Monday, January 31, 2011

The Silent Wall / The Return of Marvin Palaver by Peter Rabe (also includes "Hard Case Redhead")

Though they've previously reprinted ten other novels by author Peter Rabe, this volume is exciting news even for Stark House Press as it contains two works that have never been published in any form: the novel The Silent Wall and the novella The Return of Marvin Palaver. Sandwiched between the two longer works is the ultra-rare short story "Hard Case Redhead," which has not been seen since its original appearance in Mystery Tales Magazine. All of these will be welcome additions to the libraries of Rabe enthusiasts.

Because it was the shortest, I started with "Hard Case Redhead." This story is real shot-in-the-arm fiction, with two robbers kidnapping an accidental tourist on her way across their escape alley. The tension is high, the characters well drawn, and the insight is up to usual Rabe standards — all included in a package a fraction the size of the author's usual offering.

Stark House Press's regular proofreader Rick Ollerman steps up his participation (rating a special thanks from the publisher) with an incisive, though occasionally repetitive, introduction that displays his wide knowledge of the Rabe oeuvre. Ollerman's introduction is an even better advertisement for the other Rabe books in the Stark House library than the list in the back of the book.

The Return of Marvin Palaver is quite a departure for the author, giving the reader a supernatural revenge tale that uses dialect and humor to deliver its punch. "I died at the worst possible moment in life," Marvin tells us, "just when I was coming out even."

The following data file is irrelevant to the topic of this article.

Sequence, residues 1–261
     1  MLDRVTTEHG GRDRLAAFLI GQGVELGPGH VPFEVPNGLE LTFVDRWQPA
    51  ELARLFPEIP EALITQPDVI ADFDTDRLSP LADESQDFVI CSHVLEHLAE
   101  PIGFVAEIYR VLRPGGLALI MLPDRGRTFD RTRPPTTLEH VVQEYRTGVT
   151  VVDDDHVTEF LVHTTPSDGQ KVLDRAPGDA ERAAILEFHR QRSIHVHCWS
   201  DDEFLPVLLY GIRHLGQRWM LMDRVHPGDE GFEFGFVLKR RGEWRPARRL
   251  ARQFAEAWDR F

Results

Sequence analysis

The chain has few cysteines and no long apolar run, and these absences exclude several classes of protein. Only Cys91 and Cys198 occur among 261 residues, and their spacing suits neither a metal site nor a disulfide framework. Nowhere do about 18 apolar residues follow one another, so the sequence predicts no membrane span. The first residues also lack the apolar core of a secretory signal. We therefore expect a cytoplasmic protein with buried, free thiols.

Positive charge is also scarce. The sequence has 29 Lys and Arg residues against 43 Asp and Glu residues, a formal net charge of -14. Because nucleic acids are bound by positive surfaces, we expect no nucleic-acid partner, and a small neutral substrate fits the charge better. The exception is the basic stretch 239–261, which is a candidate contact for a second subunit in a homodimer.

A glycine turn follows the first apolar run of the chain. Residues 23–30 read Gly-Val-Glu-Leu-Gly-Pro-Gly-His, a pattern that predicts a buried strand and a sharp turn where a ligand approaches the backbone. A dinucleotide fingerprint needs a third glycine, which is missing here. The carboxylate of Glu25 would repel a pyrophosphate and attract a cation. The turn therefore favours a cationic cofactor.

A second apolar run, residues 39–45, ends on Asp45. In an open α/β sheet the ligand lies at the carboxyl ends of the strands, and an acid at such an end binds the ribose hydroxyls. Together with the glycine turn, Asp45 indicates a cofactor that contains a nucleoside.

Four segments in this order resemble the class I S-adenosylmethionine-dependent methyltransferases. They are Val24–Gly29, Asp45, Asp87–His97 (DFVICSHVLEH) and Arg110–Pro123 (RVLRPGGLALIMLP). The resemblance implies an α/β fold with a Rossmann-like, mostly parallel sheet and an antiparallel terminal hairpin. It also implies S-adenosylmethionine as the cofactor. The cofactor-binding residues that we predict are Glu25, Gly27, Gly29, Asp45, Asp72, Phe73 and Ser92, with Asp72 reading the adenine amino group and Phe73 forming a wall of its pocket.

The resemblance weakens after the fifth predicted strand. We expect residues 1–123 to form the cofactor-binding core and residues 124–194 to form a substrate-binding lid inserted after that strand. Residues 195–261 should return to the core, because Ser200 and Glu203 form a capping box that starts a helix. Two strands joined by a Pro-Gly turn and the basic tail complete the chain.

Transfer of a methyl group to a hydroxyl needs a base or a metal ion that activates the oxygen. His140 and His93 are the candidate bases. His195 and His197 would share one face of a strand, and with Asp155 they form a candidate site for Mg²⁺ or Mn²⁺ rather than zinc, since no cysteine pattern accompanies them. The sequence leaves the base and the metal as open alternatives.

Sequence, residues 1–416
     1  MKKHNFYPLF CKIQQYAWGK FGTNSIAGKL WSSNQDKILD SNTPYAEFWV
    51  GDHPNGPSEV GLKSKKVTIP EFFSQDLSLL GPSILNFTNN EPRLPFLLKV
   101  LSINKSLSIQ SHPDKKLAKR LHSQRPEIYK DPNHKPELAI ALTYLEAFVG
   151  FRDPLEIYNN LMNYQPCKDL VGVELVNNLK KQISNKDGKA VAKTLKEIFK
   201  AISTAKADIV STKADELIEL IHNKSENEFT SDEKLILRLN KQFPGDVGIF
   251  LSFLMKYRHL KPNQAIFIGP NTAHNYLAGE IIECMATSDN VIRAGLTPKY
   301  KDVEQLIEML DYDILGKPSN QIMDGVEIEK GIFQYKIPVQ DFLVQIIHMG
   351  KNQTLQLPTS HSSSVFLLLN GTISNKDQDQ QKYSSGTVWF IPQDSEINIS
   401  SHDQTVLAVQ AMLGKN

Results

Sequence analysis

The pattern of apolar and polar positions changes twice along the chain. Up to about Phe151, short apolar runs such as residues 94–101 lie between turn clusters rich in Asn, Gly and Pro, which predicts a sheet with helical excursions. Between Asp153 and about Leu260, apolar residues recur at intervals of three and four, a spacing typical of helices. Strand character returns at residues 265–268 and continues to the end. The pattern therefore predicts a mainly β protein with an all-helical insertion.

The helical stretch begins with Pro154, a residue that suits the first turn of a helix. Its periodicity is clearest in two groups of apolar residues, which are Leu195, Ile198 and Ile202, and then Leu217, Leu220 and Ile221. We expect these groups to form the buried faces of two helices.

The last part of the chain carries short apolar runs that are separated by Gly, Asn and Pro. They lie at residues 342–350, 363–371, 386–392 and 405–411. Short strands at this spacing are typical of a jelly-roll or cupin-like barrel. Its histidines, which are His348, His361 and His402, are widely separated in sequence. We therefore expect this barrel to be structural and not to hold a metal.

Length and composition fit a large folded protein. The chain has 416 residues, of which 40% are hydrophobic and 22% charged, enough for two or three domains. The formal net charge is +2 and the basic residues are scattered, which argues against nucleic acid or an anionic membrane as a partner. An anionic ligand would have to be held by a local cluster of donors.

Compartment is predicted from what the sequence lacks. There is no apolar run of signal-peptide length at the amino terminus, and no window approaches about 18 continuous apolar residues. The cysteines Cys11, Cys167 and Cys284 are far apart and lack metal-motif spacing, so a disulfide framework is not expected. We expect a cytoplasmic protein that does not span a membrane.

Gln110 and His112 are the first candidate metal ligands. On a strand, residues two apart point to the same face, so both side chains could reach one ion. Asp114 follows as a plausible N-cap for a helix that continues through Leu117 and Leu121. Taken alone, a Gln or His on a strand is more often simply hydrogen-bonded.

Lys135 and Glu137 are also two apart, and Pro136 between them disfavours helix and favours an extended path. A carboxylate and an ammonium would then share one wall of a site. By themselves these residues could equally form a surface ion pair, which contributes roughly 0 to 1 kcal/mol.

Just when he is about to pull a masterful schwindel on his nemesis, Sidney Minsk ("may he live to be a poor man forever"), Palaver drops dead on Minsk's office floor. Unwilling to let that be the period to his life, Palaver comes back down from heaven to manipulate events toward the ultimate revenge. The Return of Marvin Palaver is sure to leave a smile on the reader's face with its perfect plotting and characterization.

Sure to be the big draw in this collection is The Silent Wall. Radio man on a tanker, "Matty" Matheson finds himself once again in Sicily, in Messina near Forza d'Aguil, where he was stationed during the War. With a week to kill before the tanker is repaired, Matty decides to revisit his past and rents a Vespa to go "see how things have turned out — for her."

For some reason he does not understand, the Mafia now don't want him to leave and have sabotaged his exit. And to make things more complicated, the only person offering assistance is an innkeeper, Vinciguerra, who talks in riddles. The only real respite he finds comes in the person of the waitress Sophia, but any reader of noir fiction known you can never really trust the dames.

It's been almost forty years since the world has seen a new Rabe novel, and The Silent Wall was definitely worth the wait. It reads like the culmination of Rabe's career: a hardboiled story that depends more on the interactions of its characters than the machinations of its plot, their conversations holding as much appeal as their actions.

Never before have I found so engrossing a story where basically the same thing happens over and over again (Matty tries to escape and is foiled). The ending of The Silent Wall roughly switches gears, becoming a strange combination of sexy and confounding that nevertheless keeps the pages turning to the finish. Though I read the tales here in a different order than the publisher intended, I think I made the right choice as the quality seemed to get better with each one.

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